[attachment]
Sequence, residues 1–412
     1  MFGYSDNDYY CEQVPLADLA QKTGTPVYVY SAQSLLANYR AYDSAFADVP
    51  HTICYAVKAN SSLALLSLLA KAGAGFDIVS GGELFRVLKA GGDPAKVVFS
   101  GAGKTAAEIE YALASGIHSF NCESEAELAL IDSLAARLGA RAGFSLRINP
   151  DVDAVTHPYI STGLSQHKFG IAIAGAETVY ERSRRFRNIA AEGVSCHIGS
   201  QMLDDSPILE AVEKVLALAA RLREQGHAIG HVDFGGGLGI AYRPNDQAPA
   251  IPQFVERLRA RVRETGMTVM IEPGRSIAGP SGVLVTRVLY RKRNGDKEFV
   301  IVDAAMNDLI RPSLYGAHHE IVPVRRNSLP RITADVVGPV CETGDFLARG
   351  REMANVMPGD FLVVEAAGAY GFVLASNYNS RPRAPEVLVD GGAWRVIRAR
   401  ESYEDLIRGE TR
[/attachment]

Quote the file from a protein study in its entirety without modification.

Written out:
Sequence, residues 1–412
     1  MFGYSDNDYY CEQVPLADLA QKTGTPVYVY SAQSLLANYR AYDSAFADVP
    51  HTICYAVKAN SSLALLSLLA KAGAGFDIVS GGELFRVLKA GGDPAKVVFS
   101  GAGKTAAEIE YALASGIHSF NCESEAELAL IDSLAARLGA RAGFSLRINP
   151  DVDAVTHPYI STGLSQHKFG IAIAGAETVY ERSRRFRNIA AEGVSCHIGS
   201  QMLDDSPILE AVEKVLALAA RLREQGHAIG HVDFGGGLGI AYRPNDQAPA
   251  IPQFVERLRA RVRETGMTVM IEPGRSIAGP SGVLVTRVLY RKRNGDKEFV
   301  IVDAAMNDLI RPSLYGAHHE IVPVRRNSLP RITADVVGPV CETGDFLARG
   351  REMANVMPGD FLVVEAAGAY GFVLASNYNS RPRAPEVLVD GGAWRVIRAR
   401  ESYEDLIRGE TR